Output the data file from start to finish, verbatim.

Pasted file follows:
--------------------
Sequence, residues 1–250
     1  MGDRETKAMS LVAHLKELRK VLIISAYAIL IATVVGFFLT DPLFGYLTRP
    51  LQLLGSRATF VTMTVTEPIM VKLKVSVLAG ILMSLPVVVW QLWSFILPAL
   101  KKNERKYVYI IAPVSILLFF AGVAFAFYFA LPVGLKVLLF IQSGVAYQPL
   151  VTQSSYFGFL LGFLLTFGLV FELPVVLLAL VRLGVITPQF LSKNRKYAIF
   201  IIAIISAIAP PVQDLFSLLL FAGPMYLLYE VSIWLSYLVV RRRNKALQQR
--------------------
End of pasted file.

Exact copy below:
Sequence, residues 1–250
     1  MGDRETKAMS LVAHLKELRK VLIISAYAIL IATVVGFFLT DPLFGYLTRP
    51  LQLLGSRATF VTMTVTEPIM VKLKVSVLAG ILMSLPVVVW QLWSFILPAL
   101  KKNERKYVYI IAPVSILLFF AGVAFAFYFA LPVGLKVLLF IQSGVAYQPL
   151  VTQSSYFGFL LGFLLTFGLV FELPVVLLAL VRLGVITPQF LSKNRKYAIF
   201  IIAIISAIAP PVQDLFSLLL FAGPMYLLYE VSIWLSYLVV RRRNKALQQR